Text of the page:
Jeff has tried the appeals process, but his family has been unable to afford private counsel, and he has either filed his own appeals or depended on overworked public defenders. Unsurprisingly, the appeals went nowhere.
But Chris, who still lives in Sedalia and works in a bar, has seen how Missourians, along with the rest of the country, have relaxed their views on marijuana: St. Louis decriminalized possession of less than 35 grams and U. City-based State Representative Rory Ellinger has said he wants to push a bill legalizing marijuana in Missouri like they do in Colorado. So about two years ago, he started attending Show-Me Cannabis meetings to talk to the pro-legalization crowd about his father's situation.
"What's happened to him isn't right," Chris tells Daily RFT. "And I just think people should know that this happens. My dad wasn't a violent man. People always tell me what a good guy he was. He worked hard. He doesn't deserve this. Who does?"
Chris' words got the attention of Tony Nenninger, a Bourbon-based lawyer who practices general law but takes up civil rights cases from time to time. He says he became interested in helping when he heard Chris' desire to get his father out of prison.
"He wants to get to know his dad," Nenninger says. "And when he came to the meeting, he felt desperate and motivated and I took note of it."
After reviewing the case, Nenninger decided to take it up, despite the fact that criminal defense is not his area of expertise, much less life-without-parole sentence appeals.
"What they're doing to Jeff," says Nenninger, who has twice visited Mizanskey in prison since taking the case, "is cruel and unusual punishment. That's really the only way to explain it."
In a letter to the governor, Nenninger writes:
I am not aware of any other person in Missouri who is serving a life sentence for non-violent cannabis-only offenses. It is no secret that all recent major polls indicate over 50% of Americans, including Missourians, favor the complete legalization of adult use of marijuana. We are not asking you to commit to this new majority preference for cannabis legalization, but rather as Governor of Missouri to represent the current population's modern sociopolitical trends to liberalize marijuana laws in considering the commutation of Jeff's sentence.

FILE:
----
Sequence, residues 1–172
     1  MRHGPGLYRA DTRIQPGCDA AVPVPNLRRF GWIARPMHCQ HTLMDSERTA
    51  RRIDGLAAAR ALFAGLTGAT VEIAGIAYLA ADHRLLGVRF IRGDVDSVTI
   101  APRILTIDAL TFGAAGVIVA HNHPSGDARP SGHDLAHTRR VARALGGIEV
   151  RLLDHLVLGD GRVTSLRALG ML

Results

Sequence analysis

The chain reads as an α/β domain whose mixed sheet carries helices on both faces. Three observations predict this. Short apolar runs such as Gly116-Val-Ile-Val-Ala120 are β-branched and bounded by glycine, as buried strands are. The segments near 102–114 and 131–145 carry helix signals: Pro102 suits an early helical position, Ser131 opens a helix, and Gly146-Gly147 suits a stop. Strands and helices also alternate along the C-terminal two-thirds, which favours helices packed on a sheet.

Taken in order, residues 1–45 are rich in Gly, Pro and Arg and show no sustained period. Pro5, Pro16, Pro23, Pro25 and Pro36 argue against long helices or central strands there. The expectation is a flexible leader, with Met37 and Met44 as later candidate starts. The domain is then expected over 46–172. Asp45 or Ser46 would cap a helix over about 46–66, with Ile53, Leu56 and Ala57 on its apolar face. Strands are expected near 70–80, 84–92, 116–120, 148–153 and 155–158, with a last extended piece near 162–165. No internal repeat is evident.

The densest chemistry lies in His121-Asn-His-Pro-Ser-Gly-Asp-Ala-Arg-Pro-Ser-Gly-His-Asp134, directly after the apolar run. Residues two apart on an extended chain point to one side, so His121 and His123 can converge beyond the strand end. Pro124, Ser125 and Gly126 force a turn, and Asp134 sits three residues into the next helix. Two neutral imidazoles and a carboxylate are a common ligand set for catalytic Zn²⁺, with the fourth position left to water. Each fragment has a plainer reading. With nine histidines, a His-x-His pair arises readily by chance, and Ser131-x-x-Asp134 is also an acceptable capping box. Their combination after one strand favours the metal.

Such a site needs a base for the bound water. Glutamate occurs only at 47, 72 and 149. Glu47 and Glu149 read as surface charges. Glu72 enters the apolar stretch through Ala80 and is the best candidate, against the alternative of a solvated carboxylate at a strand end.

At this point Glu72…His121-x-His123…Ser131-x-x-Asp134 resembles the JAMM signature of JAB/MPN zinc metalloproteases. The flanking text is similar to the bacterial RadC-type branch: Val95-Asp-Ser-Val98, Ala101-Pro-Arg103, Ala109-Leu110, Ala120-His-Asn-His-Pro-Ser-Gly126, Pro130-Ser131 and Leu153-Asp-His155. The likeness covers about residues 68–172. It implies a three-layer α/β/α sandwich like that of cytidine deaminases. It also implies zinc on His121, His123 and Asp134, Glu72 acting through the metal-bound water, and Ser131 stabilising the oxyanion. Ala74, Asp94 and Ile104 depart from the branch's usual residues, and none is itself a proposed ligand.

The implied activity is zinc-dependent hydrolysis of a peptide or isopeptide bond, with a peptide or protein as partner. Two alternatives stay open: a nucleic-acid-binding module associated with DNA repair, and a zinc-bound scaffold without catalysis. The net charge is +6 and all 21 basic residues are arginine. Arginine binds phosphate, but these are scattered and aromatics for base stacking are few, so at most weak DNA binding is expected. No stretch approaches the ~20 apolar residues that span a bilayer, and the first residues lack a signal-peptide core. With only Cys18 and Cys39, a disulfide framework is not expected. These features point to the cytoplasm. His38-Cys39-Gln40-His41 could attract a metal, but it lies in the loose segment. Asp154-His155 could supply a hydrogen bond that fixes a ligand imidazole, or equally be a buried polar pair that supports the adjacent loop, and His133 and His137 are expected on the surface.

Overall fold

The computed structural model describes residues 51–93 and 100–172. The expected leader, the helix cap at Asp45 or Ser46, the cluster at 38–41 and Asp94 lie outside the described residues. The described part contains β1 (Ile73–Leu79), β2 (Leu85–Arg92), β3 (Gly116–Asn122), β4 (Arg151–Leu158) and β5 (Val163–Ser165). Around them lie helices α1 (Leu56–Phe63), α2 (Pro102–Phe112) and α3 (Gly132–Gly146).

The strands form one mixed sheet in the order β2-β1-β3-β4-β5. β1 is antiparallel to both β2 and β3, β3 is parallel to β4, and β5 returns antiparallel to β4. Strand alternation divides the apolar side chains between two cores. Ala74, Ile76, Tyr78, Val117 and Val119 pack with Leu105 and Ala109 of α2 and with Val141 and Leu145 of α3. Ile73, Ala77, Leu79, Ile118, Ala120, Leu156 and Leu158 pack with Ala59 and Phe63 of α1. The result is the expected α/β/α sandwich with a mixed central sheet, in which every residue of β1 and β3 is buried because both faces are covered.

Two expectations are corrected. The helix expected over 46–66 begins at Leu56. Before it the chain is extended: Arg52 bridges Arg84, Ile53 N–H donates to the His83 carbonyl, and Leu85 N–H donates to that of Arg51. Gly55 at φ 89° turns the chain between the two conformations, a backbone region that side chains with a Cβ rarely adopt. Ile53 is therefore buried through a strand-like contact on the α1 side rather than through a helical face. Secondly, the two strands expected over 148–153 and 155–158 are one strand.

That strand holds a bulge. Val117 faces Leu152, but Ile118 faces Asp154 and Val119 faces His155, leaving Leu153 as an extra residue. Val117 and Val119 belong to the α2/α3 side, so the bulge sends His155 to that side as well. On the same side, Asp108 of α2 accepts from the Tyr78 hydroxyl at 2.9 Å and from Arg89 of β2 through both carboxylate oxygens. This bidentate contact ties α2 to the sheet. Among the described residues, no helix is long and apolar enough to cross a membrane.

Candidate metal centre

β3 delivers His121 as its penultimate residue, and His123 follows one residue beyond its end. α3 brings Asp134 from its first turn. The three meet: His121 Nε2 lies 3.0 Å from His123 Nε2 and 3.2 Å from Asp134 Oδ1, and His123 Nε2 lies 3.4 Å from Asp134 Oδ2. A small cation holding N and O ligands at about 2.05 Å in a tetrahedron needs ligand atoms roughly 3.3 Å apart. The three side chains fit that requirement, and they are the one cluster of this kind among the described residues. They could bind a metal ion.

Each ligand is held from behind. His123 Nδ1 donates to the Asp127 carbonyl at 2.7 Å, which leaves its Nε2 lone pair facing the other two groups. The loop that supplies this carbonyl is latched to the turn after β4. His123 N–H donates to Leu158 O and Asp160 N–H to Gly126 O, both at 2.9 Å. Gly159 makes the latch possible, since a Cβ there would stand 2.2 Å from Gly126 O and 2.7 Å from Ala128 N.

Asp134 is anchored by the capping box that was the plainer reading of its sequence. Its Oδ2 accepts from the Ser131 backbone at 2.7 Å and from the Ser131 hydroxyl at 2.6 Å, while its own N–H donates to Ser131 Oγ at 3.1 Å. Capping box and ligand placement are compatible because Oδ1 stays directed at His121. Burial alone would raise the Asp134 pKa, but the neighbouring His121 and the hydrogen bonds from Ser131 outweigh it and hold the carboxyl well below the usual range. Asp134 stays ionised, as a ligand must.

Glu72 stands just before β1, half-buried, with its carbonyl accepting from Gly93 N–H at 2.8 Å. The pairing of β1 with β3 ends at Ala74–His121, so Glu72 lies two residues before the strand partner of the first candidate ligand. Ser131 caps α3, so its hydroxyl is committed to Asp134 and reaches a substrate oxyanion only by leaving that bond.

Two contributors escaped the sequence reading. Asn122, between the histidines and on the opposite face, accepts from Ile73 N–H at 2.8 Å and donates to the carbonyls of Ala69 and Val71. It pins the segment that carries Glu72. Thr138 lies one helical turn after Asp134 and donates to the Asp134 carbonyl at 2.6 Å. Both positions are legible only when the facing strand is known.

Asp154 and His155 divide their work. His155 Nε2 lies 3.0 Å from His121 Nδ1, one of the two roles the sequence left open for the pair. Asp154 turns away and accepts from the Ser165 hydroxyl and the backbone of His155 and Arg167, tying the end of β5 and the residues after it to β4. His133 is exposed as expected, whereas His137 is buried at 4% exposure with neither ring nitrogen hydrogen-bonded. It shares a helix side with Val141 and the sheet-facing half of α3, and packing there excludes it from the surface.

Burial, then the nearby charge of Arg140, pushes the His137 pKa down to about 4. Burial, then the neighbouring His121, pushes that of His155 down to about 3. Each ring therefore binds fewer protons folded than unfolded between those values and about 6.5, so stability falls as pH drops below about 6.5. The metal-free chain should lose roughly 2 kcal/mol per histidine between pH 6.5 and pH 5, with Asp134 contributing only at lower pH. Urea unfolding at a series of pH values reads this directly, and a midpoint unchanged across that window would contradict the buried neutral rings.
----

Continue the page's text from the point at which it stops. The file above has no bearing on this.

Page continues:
When Jeff was sentenced on June 19, 1996 the population and the judiciary were guided by hysterical misinformation about cannabis that has since been clarified by more extensive science. Modern judicial sentencing practices reflect this science and the population's recognition that cannabis is not the scourge of society that it was once thought to be. It is reasonable for you to commute Jeff's sentence consistent with modern sentencing practices.
Nenninger's hope is that he can get enough people to write letters to Nixon that his attention will be caught. That might prove difficult, given that when he first dropped off his own letter at the governor's office in June, the clerk told him that there are more than 2,000 clemency pleas on file, and Nixon has yet to grant a single one.
But Nenninger is trying, anyway. He and Chris believe that if the governor looks at the case, he'll understand the absurdity of the situation.
"My father has seen people do much worse crimes and get out before him," Chris says. "It just doesn't make any sense."